Using the conventional ideas, means, and materials of painting, Sarah Cain has spent the last decade challenging these same conventions. Cutting, collaging, and expanding paintings beyond their boundaries, she pushes at what painting is and can be, opening spaces for us as viewers to follow her into new territories of abstraction. Exploring color, depth, scale, and emotion, Cain makes paintings on paper, canvas, objects, and walls. Though the scale of her work is at times architectural, Cain incorporates small found objects amid drawn and painted gestures. As a result, the visual experience of her work is immersive and is amplified by close looking. Cain describes her paintings as being like extensions of her body. In a symmetrical relationship, the viewer's experience of her work is specific and expansive; it is both visual and bodily.
BOW DOWN will include a large painting made on site. For over a decade, Cain has been making ephemeral artworks that respond to the architecture that contains them as well as the context within which the architecture is situated. These works include gestures painted directly onto walls, floors, and ceilings and have incorporated furniture and other detritus found at the sites. Completely improvised, Cain's site-specific paintings derive their power from the inherent risk of working within defined temporal and spatial constraints. The immediacy of this aspect of her practice provides balance for the more labored works that emerge from her studio.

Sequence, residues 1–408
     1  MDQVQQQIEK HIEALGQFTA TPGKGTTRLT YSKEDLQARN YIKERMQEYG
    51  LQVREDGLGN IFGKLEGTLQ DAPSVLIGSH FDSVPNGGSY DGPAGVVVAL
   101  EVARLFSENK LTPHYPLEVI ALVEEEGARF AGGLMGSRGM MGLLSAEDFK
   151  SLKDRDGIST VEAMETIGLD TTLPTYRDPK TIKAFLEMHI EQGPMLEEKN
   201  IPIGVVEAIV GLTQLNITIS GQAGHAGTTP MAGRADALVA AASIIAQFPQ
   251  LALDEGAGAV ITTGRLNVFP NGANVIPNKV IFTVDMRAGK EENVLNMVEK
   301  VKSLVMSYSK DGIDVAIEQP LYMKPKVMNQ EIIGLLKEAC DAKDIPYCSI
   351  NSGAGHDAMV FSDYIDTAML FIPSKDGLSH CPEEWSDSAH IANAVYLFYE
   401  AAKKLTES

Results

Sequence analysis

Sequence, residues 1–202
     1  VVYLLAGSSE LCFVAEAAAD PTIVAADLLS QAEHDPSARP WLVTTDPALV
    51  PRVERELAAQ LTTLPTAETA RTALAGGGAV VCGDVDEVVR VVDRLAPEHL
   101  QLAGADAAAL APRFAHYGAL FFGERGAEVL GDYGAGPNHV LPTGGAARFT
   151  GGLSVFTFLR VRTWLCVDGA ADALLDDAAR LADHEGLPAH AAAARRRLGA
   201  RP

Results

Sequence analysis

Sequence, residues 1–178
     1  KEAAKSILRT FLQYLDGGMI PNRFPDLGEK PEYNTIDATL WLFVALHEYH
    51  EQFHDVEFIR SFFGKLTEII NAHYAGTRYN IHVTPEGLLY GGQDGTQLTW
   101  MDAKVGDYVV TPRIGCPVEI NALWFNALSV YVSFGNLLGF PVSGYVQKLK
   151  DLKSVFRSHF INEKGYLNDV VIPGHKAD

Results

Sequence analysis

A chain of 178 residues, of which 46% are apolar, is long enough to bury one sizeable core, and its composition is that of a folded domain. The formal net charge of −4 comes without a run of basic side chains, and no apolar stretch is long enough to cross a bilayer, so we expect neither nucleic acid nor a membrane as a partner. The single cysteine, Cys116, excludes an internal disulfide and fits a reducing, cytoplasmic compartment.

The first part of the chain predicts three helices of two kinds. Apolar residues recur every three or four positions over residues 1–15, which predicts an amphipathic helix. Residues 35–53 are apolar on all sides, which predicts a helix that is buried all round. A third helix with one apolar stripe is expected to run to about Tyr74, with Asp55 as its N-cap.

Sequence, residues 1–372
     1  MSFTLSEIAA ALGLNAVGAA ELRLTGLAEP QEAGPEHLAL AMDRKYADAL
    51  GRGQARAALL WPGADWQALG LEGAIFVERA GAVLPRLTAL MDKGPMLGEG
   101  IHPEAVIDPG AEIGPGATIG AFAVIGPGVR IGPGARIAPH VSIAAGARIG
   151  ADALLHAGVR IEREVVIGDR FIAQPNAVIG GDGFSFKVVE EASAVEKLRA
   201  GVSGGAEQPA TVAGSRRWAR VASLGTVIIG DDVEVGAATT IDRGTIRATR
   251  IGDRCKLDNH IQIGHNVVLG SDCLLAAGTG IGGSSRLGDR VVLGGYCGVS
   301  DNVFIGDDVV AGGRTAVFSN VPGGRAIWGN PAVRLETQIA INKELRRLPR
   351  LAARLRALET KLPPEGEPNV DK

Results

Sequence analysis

Cain's recent studio work evinces an evolution in form and restraint. While several of Cain's new paintings pair repeated patterns or confined marks with bold gestures, they also feature objects that are an integrated part of the overall composition, at times standing in for and at others occluding painted marks. In three new works, Cain has combined painted canvases with found domestic furniture: a loveseat, a chest of drawers, and a vanity. Emerging from her use of objects in her paintings and her inclusion of found objects in her ephemeral site-specific works, these new painting-sculpture hybrids contrast monochromatic white and black areas with brightly-hued squiggles, splashes, stripes, and mazes and investigate what happens when a canvas and an object become a simultaneous and continuous surface for painting.
The title of the exhibition comes from the Beyoncé song “Flawless.” Originally released as “Bow Down,” Beyoncé created a second version that includes an excerpt from a talk delivered by Chimamanda Ngozi Adichie entitled “We should all be feminists.” Beyoncé's vision of weaving a measured, academic approach to contemporary feminism into an anthem generated controversy among music critics and feminist scholars alike. Working within the male dominated legacy of abstract painting, Cain's insistence on the body within her work is an assertive, intentional confrontation of art history's denial of femaleness, and Beyoncé's song is a parallel gesture within the male dominated music industry. Her lyrics, “Bow down, bitches, bow bow down, bitches” is an aggressive—and for fans, inspiring and empowering—refrain. “Flawless” embodies the anger, exuberance, politics, and sexuality that Cain pours into her work.